If you’re going with fresh corn, choose firm, tightly closed, freshly picked ears of corn, you don’t want any dried out kernels. Frozen is just fine if the super fresh stuff isn’t available.
Perfect summertime cookout fare. The roast pork is succulent and the cilantro mojo is bright and spicy.
Without a doubt my favorite cilantro-centric recipe. Soba noodles are tossed in a fresh, garlicky, cilantro-heavy sauce, and topped with barely blanched Romanesco broccoli and golden tofu matchsticks. The Romanesco is easily substituted with another vegetable.
Tangy and garlicky, this salad dressing is amazing over a simple green salad of crunchy Romaine and blanched vegetables.
This elegant brunch recipe for Eggs Benedict replaces the English muffin with a portobello mushroom, making it gluten-free and Paleo-friendly.
These easy, people-pleasing pizzas use portobello caps as individual pizza crusts.
A creamy and rich risotto that highlights one of the best vegetables of spring, minus the cheese.
Be sure to use Percorino in this salad for a nice, creamy dressing - other cheeses won’t work as well.
Tender blanched asparagus joins seared tuna, hard-boiled eggs, and wedges of golden potato for a very springtime Nicoise salad.
This salad is light and flavorful, and is inspired by street vendors in Mexico who serve mango on a stick with hot sauce. Plus, it’s so easy to make: just mango, and a handful of fresh ingredients.
This dish will require a decent amount of prep work, but much of it can be done ahead of time (make the dressing a day or two in advance, cook the tofu and cube the mango and have those ready in the fridge). It is well worth the effort - this is certainly one of the most memorable meals I’ve had in ages. Soba noodles are coated in a sweet, spicy, and lime-kissed sauce, then tossed with little cubes of pan-fried tofu, eggplant, chunks of fresh sweet mango, and handfuls of fresh herbs.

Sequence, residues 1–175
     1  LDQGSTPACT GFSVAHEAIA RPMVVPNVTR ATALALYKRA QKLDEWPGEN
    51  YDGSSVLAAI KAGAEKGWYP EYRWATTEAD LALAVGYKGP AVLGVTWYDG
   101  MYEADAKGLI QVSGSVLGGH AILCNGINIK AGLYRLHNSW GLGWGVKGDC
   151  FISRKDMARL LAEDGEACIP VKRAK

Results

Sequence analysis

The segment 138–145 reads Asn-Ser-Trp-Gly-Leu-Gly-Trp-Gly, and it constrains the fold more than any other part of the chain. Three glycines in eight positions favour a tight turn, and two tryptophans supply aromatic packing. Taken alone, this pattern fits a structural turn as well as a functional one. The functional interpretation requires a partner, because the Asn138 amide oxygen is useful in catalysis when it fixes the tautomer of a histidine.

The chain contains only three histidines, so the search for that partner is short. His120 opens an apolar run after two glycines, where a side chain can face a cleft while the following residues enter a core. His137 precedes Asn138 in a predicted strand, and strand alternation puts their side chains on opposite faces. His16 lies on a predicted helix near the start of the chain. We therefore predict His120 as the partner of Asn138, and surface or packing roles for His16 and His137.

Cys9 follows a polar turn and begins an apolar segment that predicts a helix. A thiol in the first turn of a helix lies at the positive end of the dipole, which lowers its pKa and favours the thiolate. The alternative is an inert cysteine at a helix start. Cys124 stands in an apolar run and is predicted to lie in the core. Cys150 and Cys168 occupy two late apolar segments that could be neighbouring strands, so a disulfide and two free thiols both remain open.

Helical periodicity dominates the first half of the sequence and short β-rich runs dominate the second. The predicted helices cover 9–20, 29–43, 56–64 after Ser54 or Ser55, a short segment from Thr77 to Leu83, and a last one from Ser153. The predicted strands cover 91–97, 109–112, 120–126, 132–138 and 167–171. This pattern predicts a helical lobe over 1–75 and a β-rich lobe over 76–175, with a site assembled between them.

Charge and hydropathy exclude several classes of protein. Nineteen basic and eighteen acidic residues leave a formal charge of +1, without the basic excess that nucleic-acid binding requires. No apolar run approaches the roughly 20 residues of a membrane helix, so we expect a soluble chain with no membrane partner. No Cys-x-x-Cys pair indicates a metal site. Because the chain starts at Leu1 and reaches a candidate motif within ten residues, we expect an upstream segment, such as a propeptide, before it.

Rich and creamy duck eggs are higher in protein and fat than chicken eggs. A simple scramble highlights their flavor.
A simple meal of soup or a roasted chicken becomes a divine repast with the addition of these meltingly tender biscuits. Drop biscuits may not look as perfect as biscuits that are rolled and cut out, but they are just as good, and require less cleanup.
The Chinese “street food” version of these pancakes are often served for breakfast, but are more often served as an appetizer in North America. For a softer pancake, add a bit more water to the dough; you can substitute fresh garlic scapes for the scallions for a different flavor.
If you grilling won't work for you, you can broil the chicken breasts instead. See the note for cooking instructions. This take on Green Goddess sauce calls for 1/2 cup of fresh herbs, and you can use any combination you like. Some good ones to try: basil, chives, cilantro, and parsley, or chervil, mint, and tarragon.
With layers of flakey dough, a filling of lemon-poppyseed-sugar with a hint of vanilla, and a bright purpley-pink glaze, these buns are well worth the effort of working with yeasted dough. This recipe is a much-speeded-up shortcut of the typical lamination process - it’s still somewhat complicated, but nowhere near as time-consuming as it usually is.
This is an authentically Irish owner recipe submission.
Using premade enchilada sauce makes making enchiladas so simple! Dinner will be on the table in less than 30 minutes.
Get creative with these: you can squeeze your own juice, or try a fresh blend from the Co-op's juice bar.
This hummus is a vibrant bright pink thanks to the addition of steamed beets.
This is such a straightforward recipe (and only dirties one pan!), you’ll want to make it again and again. It’s easy to double, and if you want to up the orange flavor, try cooking the grated beets in orange juice instead of water at the end. The orange butter is amazing slathered on the beets and beet greens as well as the chicken.